original article

Oman Medical Journal [2023], Vol. 38, No. 1: e460 

Psychometric Properties of the Falls Efficacy Scale-International, Cut-off Points, and Validating its Short Version Among Iranian Older People

Zahra Norouzi1, Bahareh Zeynalzadeh Ghoochani2, Mohammad Hossein Kaveh1,
Tahereh Sokout3, Abdolrahim Asadollahi1,4,5* and Abdulrazzak Abyad5

1Department of Health Promotion and Gerontology, School of Health, Shiraz University of Medical Sciences, Shiraz, Iran

2Department of Occupational Therapy, School of Rehabilitation Sciences, Shiraz University of Medical Sciences, Shiraz, Iran

3Aging Psychology, Director of Farzanegan Daily Caring Foundation, Shiraz, Iran

4The Middle East Longevity Institute in Abyad Medical Centre, Azmi Street, Tripoli, Lebanon

5The Middle East Academy for Medicine of Aging, Azmi Street, Tripoli, Lebanon

article info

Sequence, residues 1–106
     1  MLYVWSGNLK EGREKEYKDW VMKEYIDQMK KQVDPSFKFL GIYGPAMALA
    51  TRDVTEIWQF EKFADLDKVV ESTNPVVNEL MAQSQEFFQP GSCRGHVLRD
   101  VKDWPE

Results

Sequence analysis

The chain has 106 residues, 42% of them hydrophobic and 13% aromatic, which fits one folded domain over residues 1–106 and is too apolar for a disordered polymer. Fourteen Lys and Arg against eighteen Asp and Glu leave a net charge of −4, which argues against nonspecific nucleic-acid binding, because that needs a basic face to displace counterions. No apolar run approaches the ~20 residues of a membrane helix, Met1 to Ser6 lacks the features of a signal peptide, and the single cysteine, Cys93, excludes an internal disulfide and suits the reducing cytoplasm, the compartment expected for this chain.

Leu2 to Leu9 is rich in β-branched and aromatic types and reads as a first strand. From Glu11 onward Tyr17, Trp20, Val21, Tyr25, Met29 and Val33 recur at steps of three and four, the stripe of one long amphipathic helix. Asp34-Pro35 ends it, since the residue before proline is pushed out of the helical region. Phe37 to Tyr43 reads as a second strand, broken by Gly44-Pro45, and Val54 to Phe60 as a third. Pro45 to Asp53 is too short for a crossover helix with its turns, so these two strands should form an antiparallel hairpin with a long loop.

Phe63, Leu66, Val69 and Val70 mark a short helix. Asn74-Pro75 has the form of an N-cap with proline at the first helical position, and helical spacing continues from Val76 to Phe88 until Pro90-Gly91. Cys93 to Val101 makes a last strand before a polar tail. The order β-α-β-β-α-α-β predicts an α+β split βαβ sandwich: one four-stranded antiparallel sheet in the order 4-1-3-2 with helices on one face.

Objectives: Older people have a fear of falling, which is far more difficult than falling itself. We measured the extent of this feeling using a short and valid Falls Efficacy Scale-International (FES-I) 7-item questionnaire for the aging community in Iran. Methods: The present psychometric work deals with outlining the validation and translation of FES-I (short version) among 9117 Persian-speaking elderly people with a mean age of 70.2±8.3 years (54.1% female and 45.9% male) in July 2021. Investigations were performed on confirmatory factor analysis, exploratory factor analysis, internal consistency, and construct validity along with test-retest reliability, receiver operating characteristic analysis, inter-rater, and convergent validity. Results: 72.4% of the subjects were living alone, 92.9% required support in activities of daily living , and 93.0% experienced falling in the past two years. A one-factor solution was assigned by exploratory factor analysis for FES-I. Thus, this model was proved by the confirmatory factor analysis with valid fit indices. Based on Cronbach’s alpha, intra-cluster correlation coefficient, and McDonald’s omega (≥ 0.80), internal consistency was confirmed. The exact cut-off value was represented by the receiver operating characteristic analysis for male/female and between with/without fear of falling among older samples with higher measures of specificity and sensitivity. Moreover, a significant effect of age, aging in place, loneliness, hospitalization rate, frailty, and sense of anxiety (effect size ≥ 0.80, p ≤ 0.05) on fear of falls was detected using analysis of variance. Conclusions: The psychometric properties of the original scale were preserved by the Persian version of FES-I seven items as a self-reported measure of fear of falling. It could be assuredly a measure in both community and clinical settings. The possible uses and limitations of the Iranian FES-I were also discussed.